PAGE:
II. Neo-Darwinism: A variety of perspectives

Thomas Henry Huxley (1825-1895): Darwin's Bulldog


Herbert Spencer (1820-1903): Synthetic Philosophy

1855-Principles of psychology: Associationism and vitalism of evolution
Development goes through differentiation and then integration

1897-Continuity of species in quantitative fashion
Instincts, reflexes, habits, intelligence and the brain


"Survival of the fittest" = "Red in tooth and claw" ?

Eugenics : "Anti-Social" Darwinism and Laissez-faire Capitalism

Sir Francis Galton (1822-1911)


Broad interests: Fingerprints, word-association, 
efficacy of prayer, testing drugs A to Croton oil, dog whistle, Weather Maps.  

Hereditary Genius (1869): Individual selection 
Survey of brilliant thinkers; all came from "talented families" 
Eugenics: Improve nature with selective breeding 


Anthropometric laboratory: 
1884 International Health Exhibition

Charged "fee for service" of testing intelligence 
Sensory intelligence: sensitivity, discrimination, reaction times 

 Statistics and "co-relations"


Adolph Quetelet (1796-1874): Normal curve and "error" variance 
Galton used the normal curve and group means to measure individuals. 
Each person can be measured against the group and each group against the next.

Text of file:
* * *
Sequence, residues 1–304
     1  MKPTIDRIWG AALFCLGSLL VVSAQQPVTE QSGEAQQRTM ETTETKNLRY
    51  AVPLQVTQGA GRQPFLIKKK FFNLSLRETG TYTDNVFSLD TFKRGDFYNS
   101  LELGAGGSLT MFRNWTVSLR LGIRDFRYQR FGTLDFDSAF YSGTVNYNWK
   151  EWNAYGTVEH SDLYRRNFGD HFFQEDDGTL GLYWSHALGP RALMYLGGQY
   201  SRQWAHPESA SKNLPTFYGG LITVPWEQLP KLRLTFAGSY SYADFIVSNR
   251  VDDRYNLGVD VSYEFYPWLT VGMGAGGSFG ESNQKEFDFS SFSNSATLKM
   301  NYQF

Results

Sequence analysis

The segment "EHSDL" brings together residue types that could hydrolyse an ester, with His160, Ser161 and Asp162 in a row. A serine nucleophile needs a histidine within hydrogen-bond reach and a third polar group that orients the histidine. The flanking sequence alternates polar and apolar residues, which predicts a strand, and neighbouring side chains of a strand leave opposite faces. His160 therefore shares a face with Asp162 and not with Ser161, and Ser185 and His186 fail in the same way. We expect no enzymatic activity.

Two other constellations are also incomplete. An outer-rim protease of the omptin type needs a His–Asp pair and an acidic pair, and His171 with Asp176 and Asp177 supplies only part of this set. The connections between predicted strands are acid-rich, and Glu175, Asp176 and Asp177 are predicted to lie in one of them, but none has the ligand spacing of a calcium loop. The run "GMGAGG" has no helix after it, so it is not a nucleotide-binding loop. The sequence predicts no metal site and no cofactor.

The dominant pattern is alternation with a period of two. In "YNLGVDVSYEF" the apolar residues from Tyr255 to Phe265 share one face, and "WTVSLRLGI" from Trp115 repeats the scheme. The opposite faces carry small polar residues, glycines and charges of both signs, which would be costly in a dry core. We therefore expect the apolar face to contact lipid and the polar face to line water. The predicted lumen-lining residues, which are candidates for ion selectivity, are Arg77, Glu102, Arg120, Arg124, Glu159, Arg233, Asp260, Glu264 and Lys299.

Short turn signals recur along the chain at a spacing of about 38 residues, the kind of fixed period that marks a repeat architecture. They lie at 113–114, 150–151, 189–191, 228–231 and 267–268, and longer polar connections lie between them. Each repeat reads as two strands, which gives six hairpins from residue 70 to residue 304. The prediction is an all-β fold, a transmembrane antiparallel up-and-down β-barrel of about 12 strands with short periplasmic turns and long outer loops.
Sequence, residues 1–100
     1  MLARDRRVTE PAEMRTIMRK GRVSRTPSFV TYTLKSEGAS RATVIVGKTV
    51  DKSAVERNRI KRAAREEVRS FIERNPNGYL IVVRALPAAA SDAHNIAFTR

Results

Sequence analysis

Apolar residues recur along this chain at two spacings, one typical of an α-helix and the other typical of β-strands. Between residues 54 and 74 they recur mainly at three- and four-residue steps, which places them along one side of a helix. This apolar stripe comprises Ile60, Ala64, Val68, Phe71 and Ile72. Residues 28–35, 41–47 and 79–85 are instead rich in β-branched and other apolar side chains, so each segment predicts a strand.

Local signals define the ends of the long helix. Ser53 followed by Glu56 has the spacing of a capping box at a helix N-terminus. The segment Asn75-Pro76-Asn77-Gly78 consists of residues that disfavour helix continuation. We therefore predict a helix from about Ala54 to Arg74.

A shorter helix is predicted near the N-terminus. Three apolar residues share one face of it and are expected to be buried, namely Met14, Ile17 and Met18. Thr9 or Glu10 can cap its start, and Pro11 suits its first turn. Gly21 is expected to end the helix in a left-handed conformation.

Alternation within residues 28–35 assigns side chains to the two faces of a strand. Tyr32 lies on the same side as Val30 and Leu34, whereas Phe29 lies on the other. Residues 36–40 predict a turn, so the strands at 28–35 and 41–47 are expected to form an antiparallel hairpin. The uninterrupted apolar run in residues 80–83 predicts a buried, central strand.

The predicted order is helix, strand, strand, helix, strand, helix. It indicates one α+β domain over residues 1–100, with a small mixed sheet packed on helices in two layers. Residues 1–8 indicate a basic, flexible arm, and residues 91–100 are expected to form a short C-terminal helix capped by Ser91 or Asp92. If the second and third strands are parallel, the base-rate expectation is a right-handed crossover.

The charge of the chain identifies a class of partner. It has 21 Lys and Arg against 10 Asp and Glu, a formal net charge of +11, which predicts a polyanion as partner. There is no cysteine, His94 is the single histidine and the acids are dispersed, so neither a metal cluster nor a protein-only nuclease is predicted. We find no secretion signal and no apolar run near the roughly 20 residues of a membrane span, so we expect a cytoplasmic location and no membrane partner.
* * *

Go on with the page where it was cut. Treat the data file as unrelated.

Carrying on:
Karl Pearson (1857-1936): Socialist who supported "planned, politically enforced program of eugenics" 1907- Established Eugenics Review

Statistical correlation coefficient - r

The rise comparative psychology
    George John Romanes (1848-1894)
    C. Lloyed Morgan (1852-1936)


Additional References


Alexander, B.K., (1996). Historical Foundations to Psychology. Study guide to
psychology 307 -, Centre for Distance Education, Simon Fraser University.

Barros, C. A. (1998). From Beetle Collector to Acclaimed Naturalist. In Autobiography:
Narrative of Transformation. Ann Arbor: The University of Michigan Press.

Moore, J. R. (1989). Of love and death: Why Darwin 'gave up Christianity'. In J. R.
Moore (Ed.) History, Humanity and Evolution: Essays for John C. Greene.
Cambridge: Cambridge University Press.